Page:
19 June 2008

Catastrophic Awareness

The world is crumbling around our ears. Earthquakes, floods, and other disasters change the landscape like some mutating beast shaking the scars from its back. I can't help but wax poetic on the iconic metaphor in my area recently as raging wildfires screamed across the hillsides until the inferno licked at the foot of Paradise, CA. Over 23,000 acres devoured by the flames in a few short days as the acrid stench of smoke settled over the valley; I have family who was evacuated, though I believe they returned without a hitch once the blaze was contained. Some say that the end of the world is upon us, that the apocalypse is nigh; some say that we are entering a new age, where nothing will be as it has been, and the world as we know it will fade into distant memory against the troubles -- or the pleasures -- of a new global destiny.

Of course, some also say that they're the incarnation of a god, and build cults who, in blind faith, kill themselves to ride a comet to Heaven. I guess it's hit-and-miss, these things that some say.

For my part, I don't believe that the world is ending. Changing, yes, but that's nothing new; this planet has never known anything that was not flux -- the preconception that anything is eternal is a fallacy. Even a ballad of this change, 'Dust in the Wind', fails to recognize this, claiming that "Nothing lasts forever but the Earth and sky" -- these, too, shall come to pass, for nothing can be eternal when entropy is the order of the day and chaos springs from the wells of universal truth. Of course, ordered chaos it may be, and it could be our limited scope of realization which causes us to percieve some shift in things that we deem as important, ever forgetting that, in the grand scheme, even the solar system which houses the planet upon which we build our cities to surround our homes that we huddle in for safety is insignificant. We claim that catastrophe befall us, and yet, we have never even seen the thread of the tapestry that is The All. We have never known God, or whatever the nearest approximation to that being would be when translated from the breadth of our ability to know such entities, and we have never once gazed upon the merest reflection of a shadow of Truth.

That's why I can't believe that the world is ending. Simply put, I see limitless potential in humanity as a whole; unrealized, largely, to be sure, but it is there, and it screams through our own ignorance and incompetence in the most bizarre ways. I cannot accept that this potential will not be realized before its time is up; or rather, I believe that the end of our time will coincide with the actualization of this very essence, with the ascension of our own ability to perceive ourselves as we truly exist in relation to the Great Unknown. The depth of all mysteries must come to pass, and in that knowledge we shall find not doom, but something which we might now, in false assumption, consider to be doom, for surely it shall be the collapse of all we are able to consider in the Here And Now. Knowledge will be our end, and our beginning, for once the full potential is known, it cannot be said that anything can stop us.

And so, even as the Earth itself struggles to dispel our curse upon its flesh, even as we enter into petty wars and global conflicts, even as everything seems to hurl, crashing against the never, reckless abandonment sure to destroy all that we are and have been, I say that this cataclysm is not our end, but our beginning; we are legion, for our numbers are many, and our will can not be denied.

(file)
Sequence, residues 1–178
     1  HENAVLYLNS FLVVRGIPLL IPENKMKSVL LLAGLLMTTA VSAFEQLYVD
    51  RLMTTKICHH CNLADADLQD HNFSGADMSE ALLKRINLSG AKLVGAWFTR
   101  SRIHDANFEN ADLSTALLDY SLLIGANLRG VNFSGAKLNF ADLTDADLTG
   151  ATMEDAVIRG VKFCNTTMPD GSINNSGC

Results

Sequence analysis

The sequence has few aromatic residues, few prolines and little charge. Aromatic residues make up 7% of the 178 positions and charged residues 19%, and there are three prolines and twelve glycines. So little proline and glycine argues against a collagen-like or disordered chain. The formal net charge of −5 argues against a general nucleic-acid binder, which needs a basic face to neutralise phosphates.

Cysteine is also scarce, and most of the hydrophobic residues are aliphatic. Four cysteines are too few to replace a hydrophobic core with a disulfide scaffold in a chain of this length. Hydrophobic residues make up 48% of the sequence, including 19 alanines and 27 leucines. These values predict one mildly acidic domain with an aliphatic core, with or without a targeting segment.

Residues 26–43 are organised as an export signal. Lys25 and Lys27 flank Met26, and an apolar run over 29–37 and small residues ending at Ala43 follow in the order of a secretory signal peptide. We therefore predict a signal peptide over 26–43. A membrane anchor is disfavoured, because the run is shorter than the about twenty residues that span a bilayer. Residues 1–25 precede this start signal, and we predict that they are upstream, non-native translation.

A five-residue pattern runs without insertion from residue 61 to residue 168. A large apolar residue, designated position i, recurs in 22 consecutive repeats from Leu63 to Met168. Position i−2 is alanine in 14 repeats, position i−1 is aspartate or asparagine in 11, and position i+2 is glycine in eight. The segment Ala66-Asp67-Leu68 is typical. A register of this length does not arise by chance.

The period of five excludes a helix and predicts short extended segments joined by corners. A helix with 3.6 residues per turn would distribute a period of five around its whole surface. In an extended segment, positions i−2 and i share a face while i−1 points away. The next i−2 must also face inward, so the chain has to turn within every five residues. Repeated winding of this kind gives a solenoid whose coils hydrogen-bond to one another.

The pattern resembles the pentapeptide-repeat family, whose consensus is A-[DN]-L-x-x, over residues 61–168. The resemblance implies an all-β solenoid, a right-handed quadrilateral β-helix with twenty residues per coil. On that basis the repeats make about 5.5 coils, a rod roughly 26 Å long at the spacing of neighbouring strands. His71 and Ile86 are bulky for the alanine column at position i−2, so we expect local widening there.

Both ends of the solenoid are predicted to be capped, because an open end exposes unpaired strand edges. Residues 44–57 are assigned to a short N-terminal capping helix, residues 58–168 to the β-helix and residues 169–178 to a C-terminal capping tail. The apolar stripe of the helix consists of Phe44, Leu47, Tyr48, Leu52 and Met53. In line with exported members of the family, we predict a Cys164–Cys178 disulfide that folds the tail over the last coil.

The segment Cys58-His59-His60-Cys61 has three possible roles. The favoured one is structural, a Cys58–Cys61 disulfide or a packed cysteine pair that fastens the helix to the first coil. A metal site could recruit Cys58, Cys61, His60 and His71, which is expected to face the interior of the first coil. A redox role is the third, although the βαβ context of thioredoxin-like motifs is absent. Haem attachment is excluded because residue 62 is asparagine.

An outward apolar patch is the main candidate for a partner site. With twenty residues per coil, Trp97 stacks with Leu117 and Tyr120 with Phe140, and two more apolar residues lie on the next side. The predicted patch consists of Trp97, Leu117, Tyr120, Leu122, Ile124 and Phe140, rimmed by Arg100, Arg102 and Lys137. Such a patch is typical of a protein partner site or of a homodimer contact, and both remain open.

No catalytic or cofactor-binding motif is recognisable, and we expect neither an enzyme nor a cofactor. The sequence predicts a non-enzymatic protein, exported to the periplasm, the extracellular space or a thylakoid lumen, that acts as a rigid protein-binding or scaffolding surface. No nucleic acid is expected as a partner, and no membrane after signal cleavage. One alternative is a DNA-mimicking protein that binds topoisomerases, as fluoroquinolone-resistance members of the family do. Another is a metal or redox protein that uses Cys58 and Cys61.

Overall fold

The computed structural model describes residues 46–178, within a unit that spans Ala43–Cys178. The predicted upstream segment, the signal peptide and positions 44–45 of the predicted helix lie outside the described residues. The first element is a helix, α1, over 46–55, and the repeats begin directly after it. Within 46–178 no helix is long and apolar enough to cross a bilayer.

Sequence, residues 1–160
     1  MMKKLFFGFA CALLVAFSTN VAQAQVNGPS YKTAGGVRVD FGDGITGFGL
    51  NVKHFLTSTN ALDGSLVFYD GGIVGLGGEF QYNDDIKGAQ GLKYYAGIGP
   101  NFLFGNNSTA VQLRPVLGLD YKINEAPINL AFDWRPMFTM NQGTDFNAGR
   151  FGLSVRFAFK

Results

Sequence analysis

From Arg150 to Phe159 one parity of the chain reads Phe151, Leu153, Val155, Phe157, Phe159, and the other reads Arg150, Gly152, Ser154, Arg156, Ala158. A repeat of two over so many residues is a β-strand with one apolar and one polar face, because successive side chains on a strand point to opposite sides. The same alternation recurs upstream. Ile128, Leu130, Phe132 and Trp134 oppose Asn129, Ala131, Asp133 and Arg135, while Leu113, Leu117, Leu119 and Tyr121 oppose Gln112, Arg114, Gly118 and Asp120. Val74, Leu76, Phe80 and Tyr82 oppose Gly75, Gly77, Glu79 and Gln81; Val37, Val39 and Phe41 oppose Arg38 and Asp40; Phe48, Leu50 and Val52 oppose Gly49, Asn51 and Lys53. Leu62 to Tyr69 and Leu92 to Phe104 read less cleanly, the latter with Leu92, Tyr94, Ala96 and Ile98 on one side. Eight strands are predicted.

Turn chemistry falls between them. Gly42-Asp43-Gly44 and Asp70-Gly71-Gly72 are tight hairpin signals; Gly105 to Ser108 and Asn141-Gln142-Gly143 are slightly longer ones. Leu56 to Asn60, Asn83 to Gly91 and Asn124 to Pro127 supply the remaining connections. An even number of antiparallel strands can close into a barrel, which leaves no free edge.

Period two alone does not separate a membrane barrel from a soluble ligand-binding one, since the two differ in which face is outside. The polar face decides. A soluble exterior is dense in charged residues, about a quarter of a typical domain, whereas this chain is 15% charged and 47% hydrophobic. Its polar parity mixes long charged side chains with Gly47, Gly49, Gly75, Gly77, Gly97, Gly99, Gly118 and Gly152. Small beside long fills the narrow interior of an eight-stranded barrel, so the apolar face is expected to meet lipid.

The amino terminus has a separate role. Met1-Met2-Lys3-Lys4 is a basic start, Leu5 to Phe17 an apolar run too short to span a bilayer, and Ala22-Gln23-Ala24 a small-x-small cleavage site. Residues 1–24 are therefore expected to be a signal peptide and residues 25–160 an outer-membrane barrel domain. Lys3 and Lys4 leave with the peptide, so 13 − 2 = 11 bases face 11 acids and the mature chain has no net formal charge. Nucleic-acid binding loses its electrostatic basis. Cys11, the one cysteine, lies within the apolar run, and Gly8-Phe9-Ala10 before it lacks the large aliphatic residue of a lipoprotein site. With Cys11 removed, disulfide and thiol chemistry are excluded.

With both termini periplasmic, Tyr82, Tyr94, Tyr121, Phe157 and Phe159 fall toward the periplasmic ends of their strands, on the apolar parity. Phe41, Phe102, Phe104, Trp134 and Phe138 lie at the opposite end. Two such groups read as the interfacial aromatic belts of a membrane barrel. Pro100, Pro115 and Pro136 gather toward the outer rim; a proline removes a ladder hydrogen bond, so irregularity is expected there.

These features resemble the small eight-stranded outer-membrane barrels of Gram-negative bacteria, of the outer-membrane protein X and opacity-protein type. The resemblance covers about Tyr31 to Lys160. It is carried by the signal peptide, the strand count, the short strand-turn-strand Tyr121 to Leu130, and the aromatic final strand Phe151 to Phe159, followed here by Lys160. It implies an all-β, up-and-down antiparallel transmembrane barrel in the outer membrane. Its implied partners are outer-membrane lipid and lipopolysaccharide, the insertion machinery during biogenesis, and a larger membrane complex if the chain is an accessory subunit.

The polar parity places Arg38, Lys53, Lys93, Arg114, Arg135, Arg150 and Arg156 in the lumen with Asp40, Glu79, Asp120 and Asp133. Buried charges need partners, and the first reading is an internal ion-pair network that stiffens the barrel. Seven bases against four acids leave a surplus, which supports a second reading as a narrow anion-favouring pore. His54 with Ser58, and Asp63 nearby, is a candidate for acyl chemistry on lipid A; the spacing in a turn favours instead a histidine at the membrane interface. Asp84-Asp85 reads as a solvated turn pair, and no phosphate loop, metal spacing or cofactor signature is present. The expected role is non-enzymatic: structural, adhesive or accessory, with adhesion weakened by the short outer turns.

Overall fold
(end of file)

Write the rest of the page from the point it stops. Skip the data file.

09 June 2008


It's difficult for me to fuel a rage at the world sometimes. It's not that there are not things which outrage me; every day, I find new things to inspire my spite for certain aspects of our world. However, at the same time, I find that I see so much around me that is wonderful, so much that is alright with the world that we live in. Somewhere, a voice inside myself tells me that all of the injustices I see are still peanuts compared to the injustices which have come before my time, to the crimes of global scale which predated my awareness.

Even as our economy falters and slips into god knows where, even as wars rage and starving peoples cry out for help, even as nature itself lashes out against humanity, relentless and unprejudiced, I find that I cannot hold anything but appreciation for the times in which I am, and for the life which I have been given the opportunity to enjoy. Even as I see friendships waning into nothing, even as I hear tales of abuse and ignorance, I can only be awed by the fierce manner in which these things occur; the sheer force of life that is required even in moments of destruction.

It is easy to be angry at the world, to be angry at life, at yourself. It is easy to breed contempt or jealousy or that seething, searing hatred by which we seek to elevate ourselves above the things to which we bear witness. It's a simple thing to click on the evening news and find new, scathing things to rail against to burn a fire against the rages of what is not fair and just and true. It is as nothing to let grow within oneself a fear or an aversion; to pour our own derisive comments out against the swelling tide of that which we percieve as wrong with the world. Mankind seems geared to creating this sort of emotional shell; we separate ourselves from those things which we despise by fostering that dark energy, we focus ourselves on being known to feel a certain way about certain things -- our social identity is almost never known by our actions, but by our words, and whichever of these is true, I think it is most interesting that we are not known by what we agree with, by what we believe to be the honest manner in which the world should turn, but that we identify ourselves by our anger, by those things which we would wish to be furthest from. Activism, political rallies, blogs -- we focus ourselves on making it loud and clear that there are things which we see as being incorrect, we exemplify the very things we wish to change, often in the name of social awareness and decrying the despots and infuriating realities that they envision upon the land.